Director Wes Anderson’s latest is exactly what this viewer expected: a hip, star-studded affair that is often a joy to behold, but inevitably comes up rather short in the depth department. Set in an idyllic 1965 that’s recreated in painstaking detail through the filter of a modern admirer, Moonrise Kingdom is a vintage fairy tale concerning a young (pre-teen young) couple in love: Sam, an orphaned Khaki Scout, and Suzy, a troubled ye ye fan. They live on an imaginary island, read imaginary fantasy novels, and travel through the landscape on imaginary maps. They met a year ago during a local performance of an artsy Noah’s Ark-like play (read The New Yorker‘s print review for an explanation of that), became quick penpals, and are now traversing the wooded terrain on a quest towards an angsty happiness. They’re pursued by Suzy’s quarrelsome parents (Bill Murray and Frances McDormand), Sam’s by-the-book scoutmaster (Edward Norton), and the local heartsick police chief (Bruce Willis). Bob Balaban also appears as the New England-dressed narrator, a character that allows Anderson plenty of room for jump cut-endorsing sequences of establishment. There is, of course, a delightful quirkiness to it all that will surely turn off some filmgoers, odds are you’ll get what you expect: long tracking shots of figures standing in straight lines, well-composed static shots, and a distinctive use of distinctive fonts. There are a few surprising moments of cartoon-like comedy that are endearing in their goofiness, and there’s a lovely bittersweetness to the unashamedly predictable ending…it’s all so cute and harmless that it’s difficult to complain.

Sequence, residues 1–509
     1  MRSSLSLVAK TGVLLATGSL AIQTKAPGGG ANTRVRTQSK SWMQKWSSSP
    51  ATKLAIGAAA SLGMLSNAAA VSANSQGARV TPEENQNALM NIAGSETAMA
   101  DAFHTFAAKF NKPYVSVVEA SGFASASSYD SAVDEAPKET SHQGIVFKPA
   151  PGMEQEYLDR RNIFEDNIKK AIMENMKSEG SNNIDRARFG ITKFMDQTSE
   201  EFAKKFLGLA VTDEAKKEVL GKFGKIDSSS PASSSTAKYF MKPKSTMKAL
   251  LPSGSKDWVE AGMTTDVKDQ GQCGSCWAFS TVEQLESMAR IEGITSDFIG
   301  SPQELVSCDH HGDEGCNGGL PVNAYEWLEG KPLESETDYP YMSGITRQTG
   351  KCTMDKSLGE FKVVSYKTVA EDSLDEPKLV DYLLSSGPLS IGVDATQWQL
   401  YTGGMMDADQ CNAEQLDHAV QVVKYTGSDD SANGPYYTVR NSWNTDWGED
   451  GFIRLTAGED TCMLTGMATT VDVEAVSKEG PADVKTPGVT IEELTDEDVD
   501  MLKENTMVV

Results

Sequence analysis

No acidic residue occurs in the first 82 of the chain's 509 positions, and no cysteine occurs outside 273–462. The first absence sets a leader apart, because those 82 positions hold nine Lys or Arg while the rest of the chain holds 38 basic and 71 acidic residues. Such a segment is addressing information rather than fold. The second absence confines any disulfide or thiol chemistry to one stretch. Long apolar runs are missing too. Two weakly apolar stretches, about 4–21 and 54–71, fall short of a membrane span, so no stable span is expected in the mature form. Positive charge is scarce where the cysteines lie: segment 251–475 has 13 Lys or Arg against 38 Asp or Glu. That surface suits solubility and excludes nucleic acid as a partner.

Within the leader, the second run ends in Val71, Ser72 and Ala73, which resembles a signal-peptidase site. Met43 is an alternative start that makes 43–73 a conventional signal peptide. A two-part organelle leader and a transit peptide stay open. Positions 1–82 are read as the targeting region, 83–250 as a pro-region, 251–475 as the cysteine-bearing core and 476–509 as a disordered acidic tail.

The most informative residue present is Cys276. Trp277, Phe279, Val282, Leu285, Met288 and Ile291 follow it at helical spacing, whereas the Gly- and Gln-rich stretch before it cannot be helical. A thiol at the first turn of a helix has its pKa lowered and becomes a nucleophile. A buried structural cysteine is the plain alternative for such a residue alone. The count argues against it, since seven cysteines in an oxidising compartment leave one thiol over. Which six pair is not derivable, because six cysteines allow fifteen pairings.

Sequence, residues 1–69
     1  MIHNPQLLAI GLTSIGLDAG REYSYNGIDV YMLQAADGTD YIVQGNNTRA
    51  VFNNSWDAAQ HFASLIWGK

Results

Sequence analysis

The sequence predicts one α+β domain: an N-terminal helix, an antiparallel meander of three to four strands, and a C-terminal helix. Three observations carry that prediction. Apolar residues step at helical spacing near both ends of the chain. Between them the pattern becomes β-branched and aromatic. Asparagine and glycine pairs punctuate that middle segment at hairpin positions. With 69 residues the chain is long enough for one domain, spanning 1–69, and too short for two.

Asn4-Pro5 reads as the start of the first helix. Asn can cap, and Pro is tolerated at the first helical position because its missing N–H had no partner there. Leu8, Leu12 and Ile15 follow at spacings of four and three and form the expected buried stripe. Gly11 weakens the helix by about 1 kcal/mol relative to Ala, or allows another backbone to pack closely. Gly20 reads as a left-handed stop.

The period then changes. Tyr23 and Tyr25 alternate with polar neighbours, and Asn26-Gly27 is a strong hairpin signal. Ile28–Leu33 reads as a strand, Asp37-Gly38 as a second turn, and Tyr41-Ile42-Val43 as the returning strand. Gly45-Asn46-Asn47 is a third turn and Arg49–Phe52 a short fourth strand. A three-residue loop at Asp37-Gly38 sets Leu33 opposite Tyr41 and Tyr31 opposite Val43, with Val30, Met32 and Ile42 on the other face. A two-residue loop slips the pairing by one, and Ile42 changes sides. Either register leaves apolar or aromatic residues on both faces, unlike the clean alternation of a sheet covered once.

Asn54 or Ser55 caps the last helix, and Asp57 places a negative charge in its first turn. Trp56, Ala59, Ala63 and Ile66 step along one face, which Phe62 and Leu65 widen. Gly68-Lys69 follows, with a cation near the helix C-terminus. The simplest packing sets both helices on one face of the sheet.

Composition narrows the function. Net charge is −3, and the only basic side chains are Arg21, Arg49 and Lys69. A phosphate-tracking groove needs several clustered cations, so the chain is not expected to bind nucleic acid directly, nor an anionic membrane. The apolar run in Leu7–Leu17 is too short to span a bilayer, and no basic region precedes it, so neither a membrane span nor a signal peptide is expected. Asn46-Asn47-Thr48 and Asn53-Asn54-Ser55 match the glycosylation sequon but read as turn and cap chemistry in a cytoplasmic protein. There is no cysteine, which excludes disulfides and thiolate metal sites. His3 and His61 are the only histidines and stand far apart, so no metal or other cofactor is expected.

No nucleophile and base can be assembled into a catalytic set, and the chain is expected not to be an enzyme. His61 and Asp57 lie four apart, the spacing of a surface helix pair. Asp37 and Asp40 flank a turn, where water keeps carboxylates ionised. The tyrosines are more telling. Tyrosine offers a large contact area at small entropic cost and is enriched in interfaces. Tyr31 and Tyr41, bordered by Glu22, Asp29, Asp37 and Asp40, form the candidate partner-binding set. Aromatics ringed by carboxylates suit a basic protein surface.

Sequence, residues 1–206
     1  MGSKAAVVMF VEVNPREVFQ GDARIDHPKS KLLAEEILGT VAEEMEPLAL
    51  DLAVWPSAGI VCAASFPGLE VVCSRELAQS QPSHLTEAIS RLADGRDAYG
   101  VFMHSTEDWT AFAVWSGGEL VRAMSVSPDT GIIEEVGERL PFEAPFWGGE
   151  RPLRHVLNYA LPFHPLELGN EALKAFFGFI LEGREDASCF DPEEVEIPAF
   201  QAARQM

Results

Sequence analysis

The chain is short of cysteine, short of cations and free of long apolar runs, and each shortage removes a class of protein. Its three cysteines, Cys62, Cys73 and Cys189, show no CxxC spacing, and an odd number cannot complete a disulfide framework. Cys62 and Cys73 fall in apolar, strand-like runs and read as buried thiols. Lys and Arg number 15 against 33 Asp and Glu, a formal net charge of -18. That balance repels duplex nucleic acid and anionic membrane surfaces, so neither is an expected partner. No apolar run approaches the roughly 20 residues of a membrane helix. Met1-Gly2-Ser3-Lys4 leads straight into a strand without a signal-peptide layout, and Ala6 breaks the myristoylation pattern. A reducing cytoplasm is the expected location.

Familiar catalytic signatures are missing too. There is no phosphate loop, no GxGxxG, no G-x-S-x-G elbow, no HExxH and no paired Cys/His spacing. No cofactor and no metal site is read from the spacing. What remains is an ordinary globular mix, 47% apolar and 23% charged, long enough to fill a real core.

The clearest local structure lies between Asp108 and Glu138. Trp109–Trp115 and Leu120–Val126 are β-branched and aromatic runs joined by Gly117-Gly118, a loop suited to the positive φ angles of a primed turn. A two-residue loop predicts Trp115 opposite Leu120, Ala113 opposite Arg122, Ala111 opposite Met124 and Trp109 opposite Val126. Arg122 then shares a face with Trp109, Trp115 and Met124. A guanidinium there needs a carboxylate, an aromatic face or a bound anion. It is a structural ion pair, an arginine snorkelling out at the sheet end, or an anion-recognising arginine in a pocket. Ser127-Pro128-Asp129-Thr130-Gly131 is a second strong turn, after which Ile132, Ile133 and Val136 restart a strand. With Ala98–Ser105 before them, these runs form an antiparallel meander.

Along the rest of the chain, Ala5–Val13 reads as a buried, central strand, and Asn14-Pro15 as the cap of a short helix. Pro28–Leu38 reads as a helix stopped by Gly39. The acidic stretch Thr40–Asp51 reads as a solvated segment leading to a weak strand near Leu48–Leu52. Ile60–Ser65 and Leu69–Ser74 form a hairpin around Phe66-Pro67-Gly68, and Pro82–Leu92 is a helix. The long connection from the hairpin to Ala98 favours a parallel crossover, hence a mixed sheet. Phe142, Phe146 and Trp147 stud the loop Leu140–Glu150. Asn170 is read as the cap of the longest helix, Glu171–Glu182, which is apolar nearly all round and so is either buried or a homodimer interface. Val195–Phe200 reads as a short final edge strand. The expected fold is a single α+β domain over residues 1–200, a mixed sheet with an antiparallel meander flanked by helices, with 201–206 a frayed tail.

Moonrise Kingdom opens today at the Ritz East.